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Wednesday's with WVPT
Author: Ryan Hubbard
December 7th 2016 - Hip Range of Motion and Its Importance for the Golf Swing
 
Hi everyone, welcome to the third edition of “Wednesdays with WVPT”.  Hope you all have recovered from the holiday and are ready to kick it into gear for your golf offseason program, transitioning to simulators or continuing your normal exercise routine.  Hopefully I can give you some more tips today to incorporate in your stretching routine focusing on hip range of motion.  I treat a lot of golfers and non-golfers, who present in the clinic with “tight” hips, meaning decreased range of motion.  This not only limits us with functional aspects of our daily life (squatting to pick up objects, etc.) but also in recreational activities that are important to us such as golf.  Tightness in our hips can cause a myriad of issues including; low back pain, knee pain, and early osteoarthritis.  I have also seen shoulder pain in the lead side in some golfers if they have limitations in hip rotation of their trail hip.  
 

 
The human hip is a ball and socket joint which makes it one of our more mobile joints.  Mobile joints need to have more range of motion for us to move, but they inherently lack stability because of this.  Therefore, the surrounding joints of the hip need to be more stable in order to make up for this mobility in our functional movements.  In this scenario the movement is the golf swing.  The hip is sandwiched above by the low back and below by the knee.  If the hips are unable to move as freely as they should during the golf swing, our back or knees have to compensate and extra forces are absorbed.  This leads to joint dysfunction and ultimately pain, especially with something as repetitive as the golf swing.  As study by Vad et al. in 2004 studied 42 professional golfers, 14 of which had been experiencing low back pain.  Of those 14 golfers they all had restricted lead hip internal rotation, external rotation, and lumbar (low back) extension in common.  It is not a coincidence that these golfers happen to have restricted hip range of motion.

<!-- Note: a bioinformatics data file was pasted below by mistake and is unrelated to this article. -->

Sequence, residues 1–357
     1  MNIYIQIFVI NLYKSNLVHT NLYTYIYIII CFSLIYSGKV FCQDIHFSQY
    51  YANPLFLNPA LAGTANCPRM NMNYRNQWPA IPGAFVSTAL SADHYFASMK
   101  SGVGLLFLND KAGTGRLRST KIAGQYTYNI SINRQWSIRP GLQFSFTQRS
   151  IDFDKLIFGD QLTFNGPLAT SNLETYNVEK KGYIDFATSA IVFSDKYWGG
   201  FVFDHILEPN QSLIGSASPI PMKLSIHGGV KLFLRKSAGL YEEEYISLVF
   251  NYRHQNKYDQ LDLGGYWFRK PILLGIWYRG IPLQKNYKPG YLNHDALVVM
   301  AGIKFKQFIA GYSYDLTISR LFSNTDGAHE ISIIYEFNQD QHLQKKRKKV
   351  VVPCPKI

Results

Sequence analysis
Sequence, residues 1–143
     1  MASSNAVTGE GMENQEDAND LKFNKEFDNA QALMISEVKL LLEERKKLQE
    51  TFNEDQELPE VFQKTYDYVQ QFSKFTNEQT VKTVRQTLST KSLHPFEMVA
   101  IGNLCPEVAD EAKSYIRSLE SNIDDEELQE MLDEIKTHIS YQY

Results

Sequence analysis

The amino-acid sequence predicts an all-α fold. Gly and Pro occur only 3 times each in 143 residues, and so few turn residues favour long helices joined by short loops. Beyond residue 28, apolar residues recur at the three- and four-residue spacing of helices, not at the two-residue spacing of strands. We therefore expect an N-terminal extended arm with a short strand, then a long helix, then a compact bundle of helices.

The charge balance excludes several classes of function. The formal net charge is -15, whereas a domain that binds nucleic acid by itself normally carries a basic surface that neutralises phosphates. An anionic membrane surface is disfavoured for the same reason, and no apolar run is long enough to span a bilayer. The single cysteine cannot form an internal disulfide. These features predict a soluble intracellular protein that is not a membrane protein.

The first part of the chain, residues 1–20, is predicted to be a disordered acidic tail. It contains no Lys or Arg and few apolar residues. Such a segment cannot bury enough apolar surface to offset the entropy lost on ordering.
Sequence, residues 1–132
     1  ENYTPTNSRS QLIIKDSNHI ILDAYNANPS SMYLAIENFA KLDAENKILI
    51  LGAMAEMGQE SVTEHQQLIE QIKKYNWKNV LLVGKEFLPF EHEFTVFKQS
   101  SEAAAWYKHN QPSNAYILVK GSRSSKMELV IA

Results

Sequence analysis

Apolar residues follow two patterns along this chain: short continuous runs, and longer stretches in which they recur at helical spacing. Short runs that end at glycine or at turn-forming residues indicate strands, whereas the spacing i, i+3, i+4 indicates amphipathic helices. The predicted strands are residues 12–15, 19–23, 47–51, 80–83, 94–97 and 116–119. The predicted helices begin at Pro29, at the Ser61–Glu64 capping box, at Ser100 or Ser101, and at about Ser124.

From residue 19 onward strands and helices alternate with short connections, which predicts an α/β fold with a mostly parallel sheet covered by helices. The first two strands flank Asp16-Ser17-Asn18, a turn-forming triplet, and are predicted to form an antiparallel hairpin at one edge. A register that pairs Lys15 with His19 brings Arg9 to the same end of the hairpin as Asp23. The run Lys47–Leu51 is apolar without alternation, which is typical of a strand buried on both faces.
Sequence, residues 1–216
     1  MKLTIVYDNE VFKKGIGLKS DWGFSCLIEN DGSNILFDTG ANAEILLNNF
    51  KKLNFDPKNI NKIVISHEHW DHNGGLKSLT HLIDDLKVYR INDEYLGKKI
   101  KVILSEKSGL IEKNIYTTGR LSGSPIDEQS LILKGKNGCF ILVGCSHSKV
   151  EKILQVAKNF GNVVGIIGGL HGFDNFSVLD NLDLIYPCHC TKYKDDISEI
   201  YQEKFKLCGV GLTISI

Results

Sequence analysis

Now, how can a hip become “tight”? (simplified version)
  1. Normal aging: as we age our joint capsules, muscles, and tendons become less extensible.  
  2. Genetics: our bony anatomy may differ which can alter the way the ball fits into the socket and the angle of the ball projecting from the femur bone
  3. Weakness: weak muscles surrounding our hip tend to tighten and become restricted to compensate
 
As a physical therapist, I can help golfers with numbers 1 and 3.  I can can’t magically alter your genetics, but there are techniques to improve hip mechanics based upon bony anatomy as well.  Below are some stretches that I use with my patients on a day to day basis to maximize hip range of motion.
 
Hip Drops: http://www.mytpi.com/exercises#hip_drops
Stork Turns: http://www.mytpi.com/exercises#stork_turns
 
 
Ryan Hubbard, DPT, TPI Certified Level 1
 
If you are experiencing pain in your hips or any other body parts, you may benefit from being examined by a physical therapist.  Please contact us at Willem Verweij and Associates Physical Therapy at (603) 335-4700, we would be happy to help you.
 
 

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